I Am Not Ashamed of the Gospel

Posted on: December 4th, 2011

Romans 1:16 – “For I am not ashamed of the gospel of Christ, for it is the power of God to salvation for everyone who believes, for the Jew first and also for the Greek.”

The context of Romans chapter one centers on the gospel’s power to save, and the foolishness of those who reject its teaching. Sadly, the majority have always abandoned God’s message. The Gentiles replaced the truth about God and His Will with paganism. Their religion became a creation of their own mind, and allowed them to do and live as they pleased. They “worshiped and served the creature rather than the Creator.” (Romans 1:25) Clearly this corrupted their religious practice and moral character. (Rom. 1:26-32)

Paul said, “I am not ashamed of the gospel of Christ.” “I” signals a personal liability for one’s approach, conclusions and response to God’s revelation. We are going to face judgment individually, based on our actions and how we handle The Word. (2 Tim. 2:15)

You might think that no one would ever feel ashamed of the gospel, but that is not the case. Many religions no longer hold up God’s message about homosexuality, a woman’s role in the assembly, or matters of divorce and remarriage. Some Christians feel uncomfortable when challenged about their faith and doctrine. We don’t want to tell people they can’t reach heaven in denominations. There was no ambiguity in Paul’s teaching because he understood the gospel’s value and place in salvation, and neither should there be in ours.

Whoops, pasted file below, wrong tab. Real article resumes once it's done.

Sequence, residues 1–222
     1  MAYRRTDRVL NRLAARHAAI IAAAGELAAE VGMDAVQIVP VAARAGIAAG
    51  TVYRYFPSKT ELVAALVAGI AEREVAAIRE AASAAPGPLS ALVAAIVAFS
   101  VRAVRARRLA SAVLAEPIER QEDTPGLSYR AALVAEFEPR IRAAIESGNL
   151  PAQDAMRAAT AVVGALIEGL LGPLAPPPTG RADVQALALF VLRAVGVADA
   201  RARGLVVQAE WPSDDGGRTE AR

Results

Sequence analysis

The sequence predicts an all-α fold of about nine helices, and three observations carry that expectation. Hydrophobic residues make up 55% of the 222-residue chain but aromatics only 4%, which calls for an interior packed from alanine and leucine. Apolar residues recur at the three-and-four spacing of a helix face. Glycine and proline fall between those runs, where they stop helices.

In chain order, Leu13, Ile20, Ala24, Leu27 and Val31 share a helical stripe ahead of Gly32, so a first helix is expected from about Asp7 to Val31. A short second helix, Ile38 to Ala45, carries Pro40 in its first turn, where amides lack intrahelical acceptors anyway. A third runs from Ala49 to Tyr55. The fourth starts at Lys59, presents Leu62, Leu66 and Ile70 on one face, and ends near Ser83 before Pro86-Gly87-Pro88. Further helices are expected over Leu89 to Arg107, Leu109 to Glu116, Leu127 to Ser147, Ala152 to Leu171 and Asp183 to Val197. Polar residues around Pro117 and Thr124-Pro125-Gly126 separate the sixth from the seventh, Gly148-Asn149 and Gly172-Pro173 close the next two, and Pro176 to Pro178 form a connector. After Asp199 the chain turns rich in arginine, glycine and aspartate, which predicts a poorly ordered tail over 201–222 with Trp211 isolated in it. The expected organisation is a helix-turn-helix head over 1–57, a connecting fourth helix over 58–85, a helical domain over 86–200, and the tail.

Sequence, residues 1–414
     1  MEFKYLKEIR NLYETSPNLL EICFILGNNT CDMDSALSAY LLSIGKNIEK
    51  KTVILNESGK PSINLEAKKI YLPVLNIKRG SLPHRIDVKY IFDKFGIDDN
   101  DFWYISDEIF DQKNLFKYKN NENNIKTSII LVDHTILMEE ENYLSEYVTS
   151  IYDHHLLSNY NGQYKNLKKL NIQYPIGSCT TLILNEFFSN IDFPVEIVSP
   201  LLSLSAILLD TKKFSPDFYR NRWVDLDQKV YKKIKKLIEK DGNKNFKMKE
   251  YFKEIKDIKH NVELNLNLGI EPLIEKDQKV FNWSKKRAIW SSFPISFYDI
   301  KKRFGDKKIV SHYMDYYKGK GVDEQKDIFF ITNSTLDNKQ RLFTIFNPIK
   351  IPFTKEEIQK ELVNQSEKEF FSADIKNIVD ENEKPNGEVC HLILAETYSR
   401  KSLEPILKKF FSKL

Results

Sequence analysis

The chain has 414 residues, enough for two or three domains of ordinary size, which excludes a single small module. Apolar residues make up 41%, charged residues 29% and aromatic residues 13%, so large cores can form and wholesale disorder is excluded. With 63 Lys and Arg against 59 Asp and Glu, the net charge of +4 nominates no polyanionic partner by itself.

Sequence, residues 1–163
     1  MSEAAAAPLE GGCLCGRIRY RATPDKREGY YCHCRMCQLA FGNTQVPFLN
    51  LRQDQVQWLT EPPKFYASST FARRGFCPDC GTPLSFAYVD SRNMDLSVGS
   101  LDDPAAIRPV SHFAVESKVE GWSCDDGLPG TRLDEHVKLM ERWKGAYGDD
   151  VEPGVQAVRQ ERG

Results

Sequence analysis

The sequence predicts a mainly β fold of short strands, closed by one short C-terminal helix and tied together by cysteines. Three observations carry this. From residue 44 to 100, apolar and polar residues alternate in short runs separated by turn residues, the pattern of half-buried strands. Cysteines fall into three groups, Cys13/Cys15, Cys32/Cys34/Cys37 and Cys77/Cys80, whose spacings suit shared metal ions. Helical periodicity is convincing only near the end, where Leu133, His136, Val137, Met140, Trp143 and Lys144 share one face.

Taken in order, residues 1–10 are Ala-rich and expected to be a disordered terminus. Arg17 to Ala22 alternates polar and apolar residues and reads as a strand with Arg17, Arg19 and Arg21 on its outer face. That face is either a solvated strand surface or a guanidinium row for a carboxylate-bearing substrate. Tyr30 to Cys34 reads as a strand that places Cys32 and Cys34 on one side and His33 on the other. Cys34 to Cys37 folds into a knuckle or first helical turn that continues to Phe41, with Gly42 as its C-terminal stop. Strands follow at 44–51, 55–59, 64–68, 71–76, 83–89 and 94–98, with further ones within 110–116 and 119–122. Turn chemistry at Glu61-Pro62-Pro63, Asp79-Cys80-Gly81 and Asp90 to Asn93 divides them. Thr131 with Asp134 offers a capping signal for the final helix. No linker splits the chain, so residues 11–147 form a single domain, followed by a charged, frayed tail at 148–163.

Some may be afraid of what others will think if they stand firm in their convictions. Faith is all we have when it comes to religion. People who differ with us speak their mind, and those in error stand firm. If the misguided are fearless enough to speak up, why would we not do the same for truth? (2 Thess. 2:15)

People say “I can’t do it, but I am not going to tell others they can’t.” Or they may say, “I must do it, but I’m not going to tell others they must.” My conviction about right and wrong is my faith, and hopefully it’s based on an accurate understanding. (2 Tim. 2:15) Refusing to tell others what they must and must not do displays a week and unconvinced faith. (Acts 4:19-20) Clearly no one can force their beliefs on another, but that doesn’t mean you should keep silent or waver. God will judge those who do wrong.

If you decide an act is prohibited by God’s Word, your faith says it’s wrong. By believing the Bible commands an act, your faith says it must be done. Everyone has an opinion about what is right and wrong, so why would anyone say his firm convictions don’t matter? While it’s true a person’s understanding may be wrong, everyone should defend what they believe.

I believe it is wrong to use instruments of music in worship and I tell others the same. There’s no doubt in my mind that homosexuality is sin, and I want others to know the spiritual danger associated with the act. How can anyone leave the impression that it doesn’t matter if they’re firmly convicted?

The Bible also recognizes the possibility of not being sure about something. Perhaps you avoid an act only because you’re not fully persuaded it’s right. Or maybe you limit what you do because you are not certain that other ways are right. In both cases, the Bible teaches us to take the sure and safe path. If there is a clear way of doing something correctly, why would any sincere Christian want to chance going beyond God’s Word? The answer is they wouldn’t and they can’t because a pure heart ensures no chances taken. (Rom. 14:23)